Just inside the entrance is a service desk, which can assist with tasks like rebooking flights, seat change requests, or adding a different frequent flyer number to your boarding pass (in instances where you want to access the lounge via one FFP, and credit the miles to another).
Slightly further in are a soundproof room for kids, a meeting room with office swivel chairs (the best place to get work done in this lounge, since it lacks productivity pods), and two booths for taking telephone calls. All have partially-frosted glass for greater privacy.
Further down the corridor are the male and female restrooms to the right, a KrisShop display to the left, and the lounge proper straight ahead.
The First Class lounge offers a tended bar, although it must be said it isn’t anywhere near as eye-catching as the Lalique crystal-adorned one in Terminal 3. Guests can pull up one of the eight bar seats, enjoying barista-made coffee in the morning (6-10 a.m), and cocktails in the evening (3-9 p.m).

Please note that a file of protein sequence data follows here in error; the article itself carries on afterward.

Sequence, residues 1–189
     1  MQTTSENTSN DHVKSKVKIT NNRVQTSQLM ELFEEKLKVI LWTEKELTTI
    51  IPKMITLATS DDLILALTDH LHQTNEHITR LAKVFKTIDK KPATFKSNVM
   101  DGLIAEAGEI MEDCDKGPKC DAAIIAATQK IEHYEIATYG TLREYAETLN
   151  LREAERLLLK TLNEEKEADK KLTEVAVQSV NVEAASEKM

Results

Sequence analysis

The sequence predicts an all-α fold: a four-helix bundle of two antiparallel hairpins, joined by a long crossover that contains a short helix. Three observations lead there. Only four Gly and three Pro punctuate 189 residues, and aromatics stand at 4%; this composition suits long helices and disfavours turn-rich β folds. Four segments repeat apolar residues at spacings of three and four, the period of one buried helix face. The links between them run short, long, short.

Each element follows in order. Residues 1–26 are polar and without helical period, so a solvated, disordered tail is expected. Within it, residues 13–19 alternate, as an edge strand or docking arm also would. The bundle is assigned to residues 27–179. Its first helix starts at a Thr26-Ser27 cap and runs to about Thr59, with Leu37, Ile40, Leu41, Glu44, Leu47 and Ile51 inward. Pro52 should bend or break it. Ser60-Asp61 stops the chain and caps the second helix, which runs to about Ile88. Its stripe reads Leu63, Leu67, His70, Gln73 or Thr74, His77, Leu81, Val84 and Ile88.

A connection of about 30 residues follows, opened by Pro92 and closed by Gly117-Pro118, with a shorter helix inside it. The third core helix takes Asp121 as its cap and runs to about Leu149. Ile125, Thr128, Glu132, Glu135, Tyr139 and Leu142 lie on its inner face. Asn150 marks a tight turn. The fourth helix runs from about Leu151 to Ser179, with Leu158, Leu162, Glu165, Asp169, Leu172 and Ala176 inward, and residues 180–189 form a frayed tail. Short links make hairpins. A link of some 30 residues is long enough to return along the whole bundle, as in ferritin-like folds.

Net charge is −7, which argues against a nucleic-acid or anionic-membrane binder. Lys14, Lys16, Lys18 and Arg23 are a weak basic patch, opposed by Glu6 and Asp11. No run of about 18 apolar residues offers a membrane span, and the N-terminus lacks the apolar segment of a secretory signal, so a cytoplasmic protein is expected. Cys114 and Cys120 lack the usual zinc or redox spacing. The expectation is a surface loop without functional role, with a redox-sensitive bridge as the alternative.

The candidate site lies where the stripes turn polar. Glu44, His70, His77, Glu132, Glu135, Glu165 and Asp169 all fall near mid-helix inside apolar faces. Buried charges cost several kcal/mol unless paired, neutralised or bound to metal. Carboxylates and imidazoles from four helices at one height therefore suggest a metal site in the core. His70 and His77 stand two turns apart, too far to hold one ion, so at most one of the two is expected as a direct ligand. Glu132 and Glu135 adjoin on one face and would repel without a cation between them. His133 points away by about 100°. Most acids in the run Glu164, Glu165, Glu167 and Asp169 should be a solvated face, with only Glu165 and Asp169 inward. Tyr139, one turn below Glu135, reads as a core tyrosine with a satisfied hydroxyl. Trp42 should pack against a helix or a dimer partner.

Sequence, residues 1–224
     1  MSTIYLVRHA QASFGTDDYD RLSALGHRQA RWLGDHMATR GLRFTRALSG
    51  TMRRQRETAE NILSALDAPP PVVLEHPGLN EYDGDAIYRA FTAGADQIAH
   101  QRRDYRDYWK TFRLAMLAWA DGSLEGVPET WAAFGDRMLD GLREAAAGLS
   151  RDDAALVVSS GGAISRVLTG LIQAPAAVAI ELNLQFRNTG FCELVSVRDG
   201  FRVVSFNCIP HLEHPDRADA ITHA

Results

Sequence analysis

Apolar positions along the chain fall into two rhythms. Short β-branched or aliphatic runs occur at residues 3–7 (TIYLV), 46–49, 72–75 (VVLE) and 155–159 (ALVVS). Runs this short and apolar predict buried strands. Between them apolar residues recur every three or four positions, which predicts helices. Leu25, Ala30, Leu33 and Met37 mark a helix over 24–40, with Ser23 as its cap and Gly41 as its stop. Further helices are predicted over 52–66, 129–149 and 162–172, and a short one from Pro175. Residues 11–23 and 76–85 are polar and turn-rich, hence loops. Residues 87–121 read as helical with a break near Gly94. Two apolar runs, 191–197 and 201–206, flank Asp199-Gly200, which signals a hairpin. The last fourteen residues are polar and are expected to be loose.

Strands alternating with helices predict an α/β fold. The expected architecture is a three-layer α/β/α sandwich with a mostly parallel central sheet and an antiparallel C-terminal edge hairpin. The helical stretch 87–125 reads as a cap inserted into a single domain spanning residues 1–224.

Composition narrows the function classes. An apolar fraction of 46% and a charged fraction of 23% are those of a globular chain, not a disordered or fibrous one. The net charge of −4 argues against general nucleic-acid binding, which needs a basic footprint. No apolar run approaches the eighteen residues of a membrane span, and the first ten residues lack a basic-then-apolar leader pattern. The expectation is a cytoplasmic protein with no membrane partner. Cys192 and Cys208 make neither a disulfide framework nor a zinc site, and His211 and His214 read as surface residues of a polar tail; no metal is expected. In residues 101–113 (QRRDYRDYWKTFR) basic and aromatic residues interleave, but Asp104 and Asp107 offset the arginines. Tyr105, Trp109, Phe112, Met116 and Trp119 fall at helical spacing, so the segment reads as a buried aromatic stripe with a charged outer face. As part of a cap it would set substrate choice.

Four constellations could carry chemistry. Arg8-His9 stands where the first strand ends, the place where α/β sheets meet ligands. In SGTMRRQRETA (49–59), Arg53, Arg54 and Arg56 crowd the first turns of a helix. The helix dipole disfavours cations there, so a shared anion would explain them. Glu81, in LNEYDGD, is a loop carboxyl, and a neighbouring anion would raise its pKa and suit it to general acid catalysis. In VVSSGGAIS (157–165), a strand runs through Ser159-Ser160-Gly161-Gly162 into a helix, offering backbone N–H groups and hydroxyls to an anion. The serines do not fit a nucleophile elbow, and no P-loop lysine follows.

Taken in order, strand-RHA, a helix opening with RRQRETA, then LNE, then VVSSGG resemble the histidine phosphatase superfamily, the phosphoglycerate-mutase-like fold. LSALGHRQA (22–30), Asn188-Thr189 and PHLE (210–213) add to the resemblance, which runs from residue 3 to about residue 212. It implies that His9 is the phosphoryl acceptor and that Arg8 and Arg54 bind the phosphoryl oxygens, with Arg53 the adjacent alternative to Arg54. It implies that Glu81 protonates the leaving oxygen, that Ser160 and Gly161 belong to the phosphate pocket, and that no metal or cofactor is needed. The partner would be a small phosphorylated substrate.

Beyond the bar is the dining area, with booth seating and a smattering of two and four-top tables.
The lounge then opens up into one big seating area, which feels very exposed, lacking any partitions for privacy or visual separation. While the furniture is virtually identical to pre-COVID days, the carpets have been updated to match Terminal 3. There isn’t a lot of seating variety here; forget recliners, productivity pods, communal tables or sofas, it’s armchairs galore.
Believe it or not, but the First Class lounge in Terminal 2 has something the Terminal 3 lounge lacks: natural light, streaming in from windows along the far end (though there isn’t much of a view as they look out to a concrete parapet). And yet I doubt anyone will pick Terminal 2 over 3 just for that, which just goes to show how much good interior design can compensate for.